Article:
The end of the road
We are there. We have got to the end of the psalms of ascents. The pilgrims on their journey to Jerusalem have been singing these songs on the way, now they are at their destination, Jerusalem.
This may be the last of the psalms of ascents, but it is not a psalm of endings at completeness, this is a song about arrival. This is where it starts.
A song of ascents.
1 Praise the Lord, all you servants of the Lord
who minister by night in the house of the Lord.
2 Lift up your hands in the sanctuary
and praise the Lord.
3 May the Lord bless you from Zion,
he who is the Maker of heaven and earth.
The Songs of Ascents or Songs of Degrees are calls from the world to God. In the Eastern Orthodox Church and those Eastern Catholic Churches which follow the Byzantine Rite, the Songs of Degrees make up the Eighteenth division of the Psalter and are read on Friday evenings at Vespers throughout the liturgical year.
Bless the Lord
Airports are strange places. There are two sorts of people at an airport, those who work there and those who wish to be somewhere else. I have tried to imagine the travelling as part of a holiday, but sadly I am unable to do that. When going on holiday I am focussed on the destination that places like airports are necessary inconveniences.
The “you” in verse 3 is singular. So many of the Psalms are are about the nation of Israel/Judah, or to the congregation, which is why it came as a surprise to me to find it singular here. The sequence here is that you, plural, praise the Lord and the Lord blesses you, singular, God individually blesses the people that praise him.
There is a problem with the translation I am using, the NIV. The word translated praise in verses 1 and 2 is the same Hebrew word that is translated bless in verse 3. There are two different words translated into English as bless, to know what the passage means it is best first to know which word is used, and which word is used. I have no Hebrew but I am using the Blue Letter Bible website for dictionary definitions as well as the book A Long Obedience In The Same Direction by Eugene H Peterson.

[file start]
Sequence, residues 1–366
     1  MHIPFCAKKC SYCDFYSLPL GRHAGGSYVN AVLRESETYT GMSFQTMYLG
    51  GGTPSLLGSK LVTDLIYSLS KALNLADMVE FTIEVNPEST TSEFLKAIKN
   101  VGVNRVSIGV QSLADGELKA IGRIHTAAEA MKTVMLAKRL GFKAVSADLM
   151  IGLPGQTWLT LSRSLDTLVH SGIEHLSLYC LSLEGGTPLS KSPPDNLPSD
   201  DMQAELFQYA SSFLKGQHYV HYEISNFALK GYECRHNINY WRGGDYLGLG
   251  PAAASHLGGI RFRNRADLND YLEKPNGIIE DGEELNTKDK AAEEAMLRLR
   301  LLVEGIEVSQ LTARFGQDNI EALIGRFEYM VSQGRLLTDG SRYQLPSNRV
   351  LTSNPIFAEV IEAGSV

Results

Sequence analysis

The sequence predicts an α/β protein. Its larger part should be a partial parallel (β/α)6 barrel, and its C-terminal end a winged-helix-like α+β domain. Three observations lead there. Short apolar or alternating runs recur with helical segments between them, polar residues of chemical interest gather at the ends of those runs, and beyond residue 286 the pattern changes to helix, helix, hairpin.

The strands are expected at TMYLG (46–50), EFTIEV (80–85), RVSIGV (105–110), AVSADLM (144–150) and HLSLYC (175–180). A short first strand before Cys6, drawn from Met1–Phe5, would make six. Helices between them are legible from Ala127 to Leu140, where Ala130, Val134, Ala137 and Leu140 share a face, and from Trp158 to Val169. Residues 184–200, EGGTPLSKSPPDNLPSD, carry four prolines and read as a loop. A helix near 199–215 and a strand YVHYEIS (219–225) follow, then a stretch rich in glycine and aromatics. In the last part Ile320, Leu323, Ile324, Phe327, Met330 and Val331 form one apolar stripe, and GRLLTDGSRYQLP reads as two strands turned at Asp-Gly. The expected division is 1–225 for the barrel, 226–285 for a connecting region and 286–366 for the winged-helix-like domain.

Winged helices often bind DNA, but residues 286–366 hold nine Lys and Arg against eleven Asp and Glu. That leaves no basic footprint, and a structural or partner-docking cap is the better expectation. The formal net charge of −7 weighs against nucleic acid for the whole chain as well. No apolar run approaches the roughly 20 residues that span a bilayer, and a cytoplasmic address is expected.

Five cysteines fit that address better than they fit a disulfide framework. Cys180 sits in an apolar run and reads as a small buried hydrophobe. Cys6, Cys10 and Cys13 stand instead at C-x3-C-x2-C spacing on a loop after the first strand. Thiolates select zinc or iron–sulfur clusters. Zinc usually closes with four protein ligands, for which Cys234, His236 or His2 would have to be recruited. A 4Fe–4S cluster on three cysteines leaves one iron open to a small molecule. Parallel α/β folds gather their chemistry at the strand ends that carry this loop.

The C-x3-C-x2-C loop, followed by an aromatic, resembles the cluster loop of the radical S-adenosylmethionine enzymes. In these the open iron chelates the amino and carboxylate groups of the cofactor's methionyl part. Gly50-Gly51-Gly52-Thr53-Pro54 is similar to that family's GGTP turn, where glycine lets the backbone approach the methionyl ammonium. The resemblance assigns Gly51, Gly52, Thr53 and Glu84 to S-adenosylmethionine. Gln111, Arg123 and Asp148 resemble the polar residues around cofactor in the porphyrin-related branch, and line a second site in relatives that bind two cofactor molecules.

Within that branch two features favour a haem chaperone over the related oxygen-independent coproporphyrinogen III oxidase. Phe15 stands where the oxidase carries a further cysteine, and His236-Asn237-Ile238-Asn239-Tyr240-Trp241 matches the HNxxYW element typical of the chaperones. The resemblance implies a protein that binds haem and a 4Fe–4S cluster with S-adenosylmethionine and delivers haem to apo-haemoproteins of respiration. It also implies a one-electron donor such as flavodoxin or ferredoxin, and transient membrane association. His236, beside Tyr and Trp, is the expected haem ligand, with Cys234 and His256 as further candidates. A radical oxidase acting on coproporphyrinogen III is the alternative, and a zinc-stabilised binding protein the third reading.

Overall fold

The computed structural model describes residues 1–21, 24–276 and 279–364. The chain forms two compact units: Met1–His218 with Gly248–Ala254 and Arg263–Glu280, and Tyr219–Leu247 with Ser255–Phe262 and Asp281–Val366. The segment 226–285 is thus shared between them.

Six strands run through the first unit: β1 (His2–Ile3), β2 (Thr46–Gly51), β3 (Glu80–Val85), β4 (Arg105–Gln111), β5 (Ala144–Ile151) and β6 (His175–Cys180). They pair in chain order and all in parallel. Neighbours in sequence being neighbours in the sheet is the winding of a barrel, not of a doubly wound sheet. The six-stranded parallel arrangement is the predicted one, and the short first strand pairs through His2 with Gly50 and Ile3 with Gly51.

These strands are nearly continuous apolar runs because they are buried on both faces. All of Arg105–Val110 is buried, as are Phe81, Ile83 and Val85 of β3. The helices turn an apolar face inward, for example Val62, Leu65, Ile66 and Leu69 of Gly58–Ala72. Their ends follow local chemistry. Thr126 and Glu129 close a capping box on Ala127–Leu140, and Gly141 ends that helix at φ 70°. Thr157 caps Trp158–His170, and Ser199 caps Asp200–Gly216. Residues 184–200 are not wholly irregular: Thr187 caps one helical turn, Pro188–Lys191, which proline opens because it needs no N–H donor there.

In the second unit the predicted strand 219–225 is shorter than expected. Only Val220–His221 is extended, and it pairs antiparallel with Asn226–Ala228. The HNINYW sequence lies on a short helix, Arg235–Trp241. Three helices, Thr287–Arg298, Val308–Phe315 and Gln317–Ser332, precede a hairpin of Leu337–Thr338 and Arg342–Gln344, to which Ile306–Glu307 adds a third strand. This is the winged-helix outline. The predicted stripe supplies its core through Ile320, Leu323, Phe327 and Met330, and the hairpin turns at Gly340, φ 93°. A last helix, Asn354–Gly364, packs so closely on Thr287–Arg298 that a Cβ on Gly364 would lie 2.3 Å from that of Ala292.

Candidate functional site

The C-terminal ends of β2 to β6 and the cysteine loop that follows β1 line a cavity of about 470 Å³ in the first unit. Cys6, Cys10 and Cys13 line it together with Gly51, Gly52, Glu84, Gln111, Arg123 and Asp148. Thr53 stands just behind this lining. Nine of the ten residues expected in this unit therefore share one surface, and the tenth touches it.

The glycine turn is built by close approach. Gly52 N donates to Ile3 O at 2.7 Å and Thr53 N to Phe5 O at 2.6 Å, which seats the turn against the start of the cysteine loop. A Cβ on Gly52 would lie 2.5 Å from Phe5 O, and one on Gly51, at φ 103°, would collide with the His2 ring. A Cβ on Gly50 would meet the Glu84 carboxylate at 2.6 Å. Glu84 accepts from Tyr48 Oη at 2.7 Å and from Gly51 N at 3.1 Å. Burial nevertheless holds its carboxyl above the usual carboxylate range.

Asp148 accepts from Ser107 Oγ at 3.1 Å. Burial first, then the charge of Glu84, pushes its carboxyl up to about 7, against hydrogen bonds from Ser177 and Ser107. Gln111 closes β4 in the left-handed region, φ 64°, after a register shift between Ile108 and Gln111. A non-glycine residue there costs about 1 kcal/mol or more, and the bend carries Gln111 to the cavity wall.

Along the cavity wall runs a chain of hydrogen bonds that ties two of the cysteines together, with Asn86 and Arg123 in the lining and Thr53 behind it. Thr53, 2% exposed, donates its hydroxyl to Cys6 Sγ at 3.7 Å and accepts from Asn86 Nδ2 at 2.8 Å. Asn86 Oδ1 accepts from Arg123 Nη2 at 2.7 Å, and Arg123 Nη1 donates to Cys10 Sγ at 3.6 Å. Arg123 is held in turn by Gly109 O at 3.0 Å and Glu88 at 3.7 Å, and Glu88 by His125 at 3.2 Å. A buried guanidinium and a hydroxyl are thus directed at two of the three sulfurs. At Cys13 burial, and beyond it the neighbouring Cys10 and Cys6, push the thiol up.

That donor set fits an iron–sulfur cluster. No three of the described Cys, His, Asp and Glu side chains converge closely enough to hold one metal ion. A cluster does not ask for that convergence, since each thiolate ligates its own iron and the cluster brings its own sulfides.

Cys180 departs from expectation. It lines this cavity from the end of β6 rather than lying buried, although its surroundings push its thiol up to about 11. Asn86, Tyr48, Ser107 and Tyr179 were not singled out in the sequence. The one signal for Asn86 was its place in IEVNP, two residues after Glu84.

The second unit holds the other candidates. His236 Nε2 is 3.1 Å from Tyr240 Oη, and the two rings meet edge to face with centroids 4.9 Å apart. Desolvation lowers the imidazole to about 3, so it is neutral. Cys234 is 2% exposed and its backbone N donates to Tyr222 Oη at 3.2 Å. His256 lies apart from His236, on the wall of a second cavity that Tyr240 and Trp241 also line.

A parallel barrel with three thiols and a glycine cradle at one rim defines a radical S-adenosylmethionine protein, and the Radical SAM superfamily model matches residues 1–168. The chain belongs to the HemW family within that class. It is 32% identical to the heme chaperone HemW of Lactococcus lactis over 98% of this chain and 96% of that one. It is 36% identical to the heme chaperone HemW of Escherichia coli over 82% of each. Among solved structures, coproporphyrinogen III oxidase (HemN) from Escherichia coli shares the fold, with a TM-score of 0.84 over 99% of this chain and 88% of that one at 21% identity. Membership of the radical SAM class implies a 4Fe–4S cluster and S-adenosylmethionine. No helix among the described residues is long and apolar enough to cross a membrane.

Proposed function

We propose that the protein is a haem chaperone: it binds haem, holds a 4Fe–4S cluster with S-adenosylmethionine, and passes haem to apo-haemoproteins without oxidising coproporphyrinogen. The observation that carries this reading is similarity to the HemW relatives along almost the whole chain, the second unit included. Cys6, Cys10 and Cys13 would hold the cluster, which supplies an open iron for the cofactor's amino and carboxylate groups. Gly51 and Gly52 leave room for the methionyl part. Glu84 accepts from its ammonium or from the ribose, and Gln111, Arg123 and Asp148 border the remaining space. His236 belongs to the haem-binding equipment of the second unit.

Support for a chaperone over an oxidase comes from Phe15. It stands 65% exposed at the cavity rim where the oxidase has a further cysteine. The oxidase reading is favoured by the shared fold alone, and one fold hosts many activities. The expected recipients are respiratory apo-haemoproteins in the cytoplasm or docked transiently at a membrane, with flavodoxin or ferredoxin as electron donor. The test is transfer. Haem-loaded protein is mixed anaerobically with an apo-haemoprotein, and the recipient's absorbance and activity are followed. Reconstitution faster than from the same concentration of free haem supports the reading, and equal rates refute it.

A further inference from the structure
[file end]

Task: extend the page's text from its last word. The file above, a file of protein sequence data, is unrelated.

The first word is ‘esher. This is not the word used in this psalm and is never used of God. It means, “Well being that comes with living in tune with nature and God.” The problem with the NIV is that this meaning could be read into this psalm where it is not used. God does bless people this way, the Bible is quite clear on that, but that is not the meaning here.
The other word, and the one that is used in all three verses of Psalm 134 is barak. It means to kneel before someone, a sign of humility. The praise we give to God is always humble praise, there is no place for arrogant pride or self-centredness before God. We are told to kneel before God.
But this is also how God blesses us, by being humble and kneeling before us. Jesus knelt before his disciples and washed their feet at their final meal together before Jesus was crucified. By pouring his life out for us he showed what God is like, self-giving, pouring out himself for us.
Our praise is bowing before a self-giving God, who gives himself for each of us individually. Praise be to God.
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